Scotland looks just like you imagine it will. Flying over and catching a train through the country, it's all cliffs and crags, with windmills lost in the low-lying clouds. Fields are either green with grass or white with snow. There are lots of rocks, and even more churches: most towns I went through had at least three steeples visible from the train station. Glasgow has many of them, but I'm told most of them aren't churches any more. One is now a really awesome bar and live venue, and another is a block of flats where I stayed. Woo! And I didn't burst into flames as I crossed the threshold! I stayed with my friends Michael and Callum, who I have been talking to online since I was in high school, and this was the first time we met. They were lovely and hospitable, and made me laugh harder than I have in ages. Good times. Although it was another of those bizarre travel moments: who would've thought, when chatting to Michael in my school uniform nearly a decade ago, that I'd one day be sleeping on his couch?
So Michael and Callum showed me around Glasgow, and what a nice city it is. A quick stroll through the Kelvingrove Museum and Art Gallery (which was built back to front, a man on the bus helpfully told us - this is true, but the man also told us that the architect killed himself as a result, and this appears to be less true) and the surrounding gardens preceded a cafe stop. GLASGOW HAS PROPER CAFES. After six months of living in London, where the only decent cafes are a handful in Soho run by antipodeans, this was very exciting for me. Despite Scotland's reputation for terrible and unhealthy food, all the meals I had were creative, flavourful and fresh. Although I didn't get around to trying pizza cruch, which is deep-fried pizza. Callum also showed me through his old university, and when I say "old", I mean "OLD". More than twice the age of white civilisation in Australia. And beautiful, too, all turrets and arches and courtyards.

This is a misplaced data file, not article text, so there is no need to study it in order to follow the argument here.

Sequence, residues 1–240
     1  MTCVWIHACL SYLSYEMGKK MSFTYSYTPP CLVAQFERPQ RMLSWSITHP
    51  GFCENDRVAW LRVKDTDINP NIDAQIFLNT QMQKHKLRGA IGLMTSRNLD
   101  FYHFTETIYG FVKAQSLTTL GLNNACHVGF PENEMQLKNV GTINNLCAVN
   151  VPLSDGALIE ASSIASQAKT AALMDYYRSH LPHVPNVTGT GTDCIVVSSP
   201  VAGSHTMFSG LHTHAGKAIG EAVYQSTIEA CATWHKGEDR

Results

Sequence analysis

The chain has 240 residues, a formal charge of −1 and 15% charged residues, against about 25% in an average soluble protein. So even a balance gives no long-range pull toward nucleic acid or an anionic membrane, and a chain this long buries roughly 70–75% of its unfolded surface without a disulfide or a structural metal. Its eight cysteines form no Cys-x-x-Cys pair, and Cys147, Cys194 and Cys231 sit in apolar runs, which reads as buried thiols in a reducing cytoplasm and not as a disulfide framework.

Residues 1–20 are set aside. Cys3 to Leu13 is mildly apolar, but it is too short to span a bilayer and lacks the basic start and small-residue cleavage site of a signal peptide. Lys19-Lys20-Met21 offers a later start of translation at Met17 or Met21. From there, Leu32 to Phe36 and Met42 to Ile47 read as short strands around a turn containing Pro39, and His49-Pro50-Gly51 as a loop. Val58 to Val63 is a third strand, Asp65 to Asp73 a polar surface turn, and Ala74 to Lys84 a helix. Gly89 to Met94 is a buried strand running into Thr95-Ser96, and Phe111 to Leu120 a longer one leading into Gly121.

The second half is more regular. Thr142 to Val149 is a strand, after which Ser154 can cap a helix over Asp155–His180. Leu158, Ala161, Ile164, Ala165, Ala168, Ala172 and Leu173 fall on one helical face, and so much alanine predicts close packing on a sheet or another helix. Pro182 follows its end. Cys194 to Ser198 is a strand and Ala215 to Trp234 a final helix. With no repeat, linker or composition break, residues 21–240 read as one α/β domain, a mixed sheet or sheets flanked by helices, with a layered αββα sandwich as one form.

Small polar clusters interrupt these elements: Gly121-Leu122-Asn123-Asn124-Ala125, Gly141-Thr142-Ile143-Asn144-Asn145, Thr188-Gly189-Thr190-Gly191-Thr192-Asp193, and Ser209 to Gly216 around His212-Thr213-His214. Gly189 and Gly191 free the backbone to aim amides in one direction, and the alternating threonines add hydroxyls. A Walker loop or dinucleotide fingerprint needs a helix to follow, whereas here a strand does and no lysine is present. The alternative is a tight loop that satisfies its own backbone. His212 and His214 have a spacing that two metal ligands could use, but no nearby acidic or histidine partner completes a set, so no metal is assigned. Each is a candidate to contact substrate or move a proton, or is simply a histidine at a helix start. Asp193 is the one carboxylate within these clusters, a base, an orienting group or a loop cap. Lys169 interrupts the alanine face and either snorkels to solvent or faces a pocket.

The west end was also a delightful neighbourhood, full of quirky bars and cafes that stopped just short of being pretentious (for example, a bar called Radio with old casette tapes glues to the walls). The city centre was nice, too: it had a "big city" feel with none of the manic horror of London. Just a short walk from there was Glasgow's cathedral, one of the most impressive of its kind I've seen (and y'all know what a fan of big old buildings I am) built next to an enormous necropolis. Bleak and gorgeous. Glasgow's nightlife, as I saw it, was great fun, too, featuring non-stop amazing pop hits. I struggled keeping up with what everyone was saying at some points (Michael is English and Callum live in America until he was seven, so their accents are not frighteningly dense) but, with my mastery of the important travl skills of nodding and smiling, I soldiered on and had a great night.
Finally, a trip into twon and, after bidding Michael and Callum farewell, met up with Anna, who you may remember from Stockholm. Good times. We went to another of Glasgow's excellent eateries (two of them, actually: one for lunch and one for dessert) before I caught a train to the airport. And there begins the dram: the train timetable was incorrect, so I had to wait an extra half hour for a train. Then, when I landed in England, my coach to London was delayed and, when I arrived in London, my tube line was closed. Ugh. All in all, it took me about seven hours to get home, whereas a direct train would have taken about five. Now I've learned a lesson.
I'll certainly be back in Glasgow at some point. It had a nice feel to it, and I could see myself living there.